McMillan-Wreden California Condor Collection, MS 044
The following biographical sketch was found in Mr. McMillan's papers:
Ian McMillan, a native of eastern San Luis Obispo County, California, with a lifetime of experience as a grain and cattle grower, is also an active long-standing conservationist. From studies of natural history of his region he has written a book on the California condor and various articles on other matters of wildlife conservation. The Current Status and Welfare of the California Condor by Alden Miller, Ian McMillan, and Eben McMillan, was the forerunner to McMillan's later condor writings. He is a fellow of the California Academy of Sciences, a member of the California Parks and Recreation Commission, and belongs to a number of other conservation organizations including the Cooper Ornithological Society, National Audubon Society, and the Cholame Township Sportsmen's Association. In recent years he has carried out various special assignments as a field observer and reporter for the National Defenders of Wildlife.
Ian Irving McMillan was born on the family ranch outside Cholame, San Luis Obispo County, California, on November 15, 1905. Ian McMillan's grandparents and their seven adult children took up adjoining homesteads in a canyon among the open rolling hills near the little settlement of Starkey, now known as Shandon, in 1885. Ian's father, Alexander, married the local schoolteacher, Mary Harte, in 1894. They raised a family of five boys and two girls on their ranch in McMillan Canyon.
Of his childhood, McMillan's children wrote: "Prior to November of 1934, it can be said that Ian's life, even though adventurous, was one of great hardship with few personal rewards. Ian's mother, a loving mother, a person of artistic talent with a sensitive awareness of nature was, early in Ian's childhood, unable to cope with the daily struggles of domestic responsibility. Ian's father lost his home and land to those of different principles and his wife to mental illness. Alexander McMillan died in despair."
In 1934 Ian married May Reed and his life changed. His children wrote: "May was his secretary, typing and retyping everything he wrote. She fed and entertained the many visitors who came to exchange views and witness this magnificent area of California. She took responsibility for making certain that all of the needs of their three children, Don, Barbara, and Irv, were fully met. This well organized and hard-working woman allowed Ian the freedom to pursue his interests."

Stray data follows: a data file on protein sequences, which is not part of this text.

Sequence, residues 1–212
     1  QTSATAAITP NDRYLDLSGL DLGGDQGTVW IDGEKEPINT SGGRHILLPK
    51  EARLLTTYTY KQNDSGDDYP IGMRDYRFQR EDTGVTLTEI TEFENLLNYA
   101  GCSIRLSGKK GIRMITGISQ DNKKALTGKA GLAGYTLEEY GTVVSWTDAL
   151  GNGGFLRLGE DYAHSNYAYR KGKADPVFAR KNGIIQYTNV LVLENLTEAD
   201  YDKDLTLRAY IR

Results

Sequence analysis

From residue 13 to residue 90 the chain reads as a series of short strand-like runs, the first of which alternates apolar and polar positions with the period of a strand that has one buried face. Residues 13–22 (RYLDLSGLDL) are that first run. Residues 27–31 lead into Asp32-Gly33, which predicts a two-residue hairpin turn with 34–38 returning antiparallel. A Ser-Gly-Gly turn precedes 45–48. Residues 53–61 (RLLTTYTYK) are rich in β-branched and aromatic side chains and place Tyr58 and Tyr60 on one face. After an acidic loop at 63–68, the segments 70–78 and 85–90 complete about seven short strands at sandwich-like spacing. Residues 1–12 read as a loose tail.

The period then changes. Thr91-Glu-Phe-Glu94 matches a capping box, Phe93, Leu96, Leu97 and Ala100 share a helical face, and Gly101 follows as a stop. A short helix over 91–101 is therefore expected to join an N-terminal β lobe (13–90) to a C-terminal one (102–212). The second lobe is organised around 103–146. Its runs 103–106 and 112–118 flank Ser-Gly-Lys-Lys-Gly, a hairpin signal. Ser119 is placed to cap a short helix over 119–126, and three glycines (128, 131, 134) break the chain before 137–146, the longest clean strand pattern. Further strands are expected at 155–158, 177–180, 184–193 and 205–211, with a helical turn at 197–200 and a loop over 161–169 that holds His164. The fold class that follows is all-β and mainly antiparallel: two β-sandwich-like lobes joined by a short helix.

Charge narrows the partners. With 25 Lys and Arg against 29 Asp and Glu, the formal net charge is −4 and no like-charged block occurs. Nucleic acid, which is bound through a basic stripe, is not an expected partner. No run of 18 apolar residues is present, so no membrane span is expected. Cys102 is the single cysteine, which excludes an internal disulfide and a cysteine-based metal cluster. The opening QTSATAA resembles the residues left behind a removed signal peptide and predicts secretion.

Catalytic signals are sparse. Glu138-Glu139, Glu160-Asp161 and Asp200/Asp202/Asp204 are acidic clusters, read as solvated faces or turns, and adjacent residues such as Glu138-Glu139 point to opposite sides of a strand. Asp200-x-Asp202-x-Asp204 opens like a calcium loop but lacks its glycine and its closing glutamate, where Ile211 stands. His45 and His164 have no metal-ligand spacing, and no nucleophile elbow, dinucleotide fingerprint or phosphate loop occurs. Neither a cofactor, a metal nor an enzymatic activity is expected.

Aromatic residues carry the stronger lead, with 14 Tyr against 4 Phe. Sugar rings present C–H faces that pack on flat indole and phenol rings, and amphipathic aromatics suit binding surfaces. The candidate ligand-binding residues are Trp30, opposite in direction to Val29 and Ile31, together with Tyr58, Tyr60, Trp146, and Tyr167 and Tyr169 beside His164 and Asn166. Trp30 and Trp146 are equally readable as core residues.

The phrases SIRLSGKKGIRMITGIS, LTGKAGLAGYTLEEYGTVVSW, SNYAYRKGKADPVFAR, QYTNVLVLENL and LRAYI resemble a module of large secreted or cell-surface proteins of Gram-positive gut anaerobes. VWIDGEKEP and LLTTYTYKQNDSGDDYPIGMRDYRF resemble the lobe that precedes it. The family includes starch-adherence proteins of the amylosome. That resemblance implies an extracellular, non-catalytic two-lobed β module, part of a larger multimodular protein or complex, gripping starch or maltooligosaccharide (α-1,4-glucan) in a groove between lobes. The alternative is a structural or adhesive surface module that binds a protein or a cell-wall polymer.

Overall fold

They bought their ranch in Gillis Canyon in 1936. His children wrote: "Never a man who chased the dollar, when the ranch was owned free and clear, he dedicated his life to the issues of land use, government accountability, wildlife protection, and human ecology. After his marriage, Ian's first priority was getting out of debt, followed by building a modest home and then funding for his children's college educations. Ian had absolutely no interest in owning more land, building bigger houses, owning the newest model shotgun or anything not having essential value. He enjoyed breaking horses and training hunting dogs and proudly displayed their talent to any audience. It can be said that Ian did well not because of how much he had, but in how little he needed."
The National Audubon Society commissioned Ian and Eben to study the decline of condors in 1968. The years of research resulted in publication of Ian McMillan's Man and the California Condor: The Embattled History and Uncertain Future of North America's Largest Free-Living Bird (New York: Dutton, 1968).
Ian McMillan died of congestive heart failure at the age of 85 on February 21, 1991 in Templeton, California.
- Groshong, Warren, "Naturalist Ian McMillan Dies," San Luis Obispo County (Calif.) Telegram-Tribune, 25 Feb. 1991
- McMillan family, 1994
- Social Security Death Index, Ancestry.com
- U.S. Census, 1910, 1920, Ancestry.com
William P. Wreden
William Paul Wreden was born on May 2, 1910, in Petaluma, California, to William P. and Elizabeth Prien Wreden. A rare book dealer and rancher, Wreden was educated at Stanford University and began his career at the Anglo-California National Bank in San Francisco. In 1937, he left banking to start an antiquarian book company, Wm. P. Wreden Books & Manuscripts in Burlingame, California. After 16 years, he relocated to Palo Alto, where he remained in business until shortly before his death on February 5, 1995. Wreden also owned and operated the Pinole Land & Cattle Co. in Santa Margarita, San Luis Obispo County, California.
- Social Security Death Index, Ancestry.com
- Who's Who in the West. 24th edition, 1994-1995. New Providence, NJ: Marquis Who's Who, 1993.